She sits there, weak, and starting along the way to confusion. She's asleep when we arrive, and her husband answers when we arrive. Before we walk in the door, I've already spotted the removable wheelchair ramp, and the wheelchair itself by the door. As we walk into the living room, I see her gradually waking up in the corner. Immediately, I spot the specialist cushion she is sitting on to avoid pressure sores. This tells me that she is spending long periods of time sitting in the same place. Further evidence is added by the hospital-style table that sits by her, everything strategically placed within reaching distance. I talk to the husband briefly, and I can see the exhaustion in his eyes, the sag of his shoulders, and the relief on his face that tells me he is exhausted, and needs some time off.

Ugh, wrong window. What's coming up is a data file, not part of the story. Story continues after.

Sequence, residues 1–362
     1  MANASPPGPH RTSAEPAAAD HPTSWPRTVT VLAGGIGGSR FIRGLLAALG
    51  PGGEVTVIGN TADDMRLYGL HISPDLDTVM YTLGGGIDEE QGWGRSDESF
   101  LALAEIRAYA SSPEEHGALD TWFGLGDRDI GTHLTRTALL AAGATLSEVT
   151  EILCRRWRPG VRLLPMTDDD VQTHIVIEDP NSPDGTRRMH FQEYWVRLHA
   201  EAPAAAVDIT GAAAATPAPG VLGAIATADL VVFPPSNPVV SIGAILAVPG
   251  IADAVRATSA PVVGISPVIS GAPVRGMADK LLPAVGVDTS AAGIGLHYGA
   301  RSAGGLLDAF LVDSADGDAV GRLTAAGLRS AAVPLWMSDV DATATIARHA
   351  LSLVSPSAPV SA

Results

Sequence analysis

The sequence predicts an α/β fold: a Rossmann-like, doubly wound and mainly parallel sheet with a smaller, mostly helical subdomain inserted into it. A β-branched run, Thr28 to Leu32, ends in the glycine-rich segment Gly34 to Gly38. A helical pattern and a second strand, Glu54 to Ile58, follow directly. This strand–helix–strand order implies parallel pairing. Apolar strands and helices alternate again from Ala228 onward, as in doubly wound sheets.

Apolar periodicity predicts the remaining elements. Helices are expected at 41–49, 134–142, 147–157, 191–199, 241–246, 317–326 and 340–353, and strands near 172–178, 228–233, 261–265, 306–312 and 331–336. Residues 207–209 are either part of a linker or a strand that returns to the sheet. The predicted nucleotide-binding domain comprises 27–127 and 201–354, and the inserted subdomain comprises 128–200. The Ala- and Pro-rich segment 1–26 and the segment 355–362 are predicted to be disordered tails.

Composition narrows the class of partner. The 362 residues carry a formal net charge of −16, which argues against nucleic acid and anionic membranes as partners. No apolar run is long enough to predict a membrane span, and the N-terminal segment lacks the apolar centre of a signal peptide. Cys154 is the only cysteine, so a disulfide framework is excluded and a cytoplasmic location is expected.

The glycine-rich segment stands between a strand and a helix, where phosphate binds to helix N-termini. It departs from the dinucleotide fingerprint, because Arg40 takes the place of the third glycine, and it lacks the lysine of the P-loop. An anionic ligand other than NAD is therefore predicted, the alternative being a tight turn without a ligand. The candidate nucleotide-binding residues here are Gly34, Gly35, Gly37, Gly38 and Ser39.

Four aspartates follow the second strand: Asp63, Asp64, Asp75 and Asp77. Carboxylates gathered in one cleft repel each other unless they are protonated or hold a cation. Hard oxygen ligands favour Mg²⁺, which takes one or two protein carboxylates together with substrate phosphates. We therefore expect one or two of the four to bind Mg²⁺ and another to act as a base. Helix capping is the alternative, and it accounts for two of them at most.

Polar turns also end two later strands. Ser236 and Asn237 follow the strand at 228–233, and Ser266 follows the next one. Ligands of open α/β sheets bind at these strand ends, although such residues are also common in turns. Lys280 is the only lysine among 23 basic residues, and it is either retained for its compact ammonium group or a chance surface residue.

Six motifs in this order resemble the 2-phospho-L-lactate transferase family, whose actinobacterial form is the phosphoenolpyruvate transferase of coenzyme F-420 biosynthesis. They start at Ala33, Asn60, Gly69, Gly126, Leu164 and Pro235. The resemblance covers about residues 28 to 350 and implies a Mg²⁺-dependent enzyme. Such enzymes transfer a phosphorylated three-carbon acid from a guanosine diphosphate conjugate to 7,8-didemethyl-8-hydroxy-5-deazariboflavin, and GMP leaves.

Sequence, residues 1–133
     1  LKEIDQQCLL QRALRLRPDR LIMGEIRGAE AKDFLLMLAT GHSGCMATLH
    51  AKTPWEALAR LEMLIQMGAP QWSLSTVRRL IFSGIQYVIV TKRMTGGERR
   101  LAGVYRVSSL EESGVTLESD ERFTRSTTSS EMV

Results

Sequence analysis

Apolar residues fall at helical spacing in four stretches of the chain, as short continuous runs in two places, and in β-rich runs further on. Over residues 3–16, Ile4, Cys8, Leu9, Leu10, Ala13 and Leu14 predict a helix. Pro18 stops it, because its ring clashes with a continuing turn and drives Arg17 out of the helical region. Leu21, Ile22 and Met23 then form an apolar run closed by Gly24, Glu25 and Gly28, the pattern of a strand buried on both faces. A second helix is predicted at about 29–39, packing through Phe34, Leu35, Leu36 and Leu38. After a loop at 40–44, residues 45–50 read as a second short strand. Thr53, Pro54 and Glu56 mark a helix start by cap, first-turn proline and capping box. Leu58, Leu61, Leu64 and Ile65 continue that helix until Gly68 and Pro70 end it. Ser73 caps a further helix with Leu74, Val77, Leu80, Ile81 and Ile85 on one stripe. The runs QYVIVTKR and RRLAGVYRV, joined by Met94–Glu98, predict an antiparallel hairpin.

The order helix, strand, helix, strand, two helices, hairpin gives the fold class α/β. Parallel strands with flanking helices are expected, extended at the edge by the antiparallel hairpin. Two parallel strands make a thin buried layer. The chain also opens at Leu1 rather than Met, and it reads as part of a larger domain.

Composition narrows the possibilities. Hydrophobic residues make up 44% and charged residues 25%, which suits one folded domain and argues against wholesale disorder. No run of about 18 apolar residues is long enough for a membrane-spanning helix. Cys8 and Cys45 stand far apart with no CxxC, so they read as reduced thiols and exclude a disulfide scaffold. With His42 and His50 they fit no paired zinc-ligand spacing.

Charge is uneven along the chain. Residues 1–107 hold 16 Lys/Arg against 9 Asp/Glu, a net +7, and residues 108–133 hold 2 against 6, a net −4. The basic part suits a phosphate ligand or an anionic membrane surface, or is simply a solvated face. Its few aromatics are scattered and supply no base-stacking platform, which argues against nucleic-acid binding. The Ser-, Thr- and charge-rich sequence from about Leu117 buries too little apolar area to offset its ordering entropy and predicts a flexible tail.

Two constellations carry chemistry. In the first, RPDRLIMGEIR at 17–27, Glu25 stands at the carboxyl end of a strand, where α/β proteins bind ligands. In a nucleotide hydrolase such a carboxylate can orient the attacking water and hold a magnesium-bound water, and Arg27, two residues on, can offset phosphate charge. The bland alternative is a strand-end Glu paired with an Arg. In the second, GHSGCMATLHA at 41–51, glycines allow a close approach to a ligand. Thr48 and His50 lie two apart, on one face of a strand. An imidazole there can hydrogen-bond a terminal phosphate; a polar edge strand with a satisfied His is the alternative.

We sit down and talk for a while, and I learn that she can't get upstairs any more, and that this means she can't get into the shower. I learn that she has a frame, and sticks, but that she generally can't use them. I discover that her husband is having to lift her in and out of the wheelchair/car/seat/bed if she wants to move between them.
Without noticing, my mind starts ticking over what they need. First off, they need some respite care sorting. She needs a stairlift fitting. She needs modifications in the bathroom in order to allow her to get in and out despite the increasing weakness. They need a hoist installing so that he's not putting his back out moving her from place to place.
These are the things I'm thinking, as I would with any other patient. Difference is, this isn't my patient.
It's my auntie.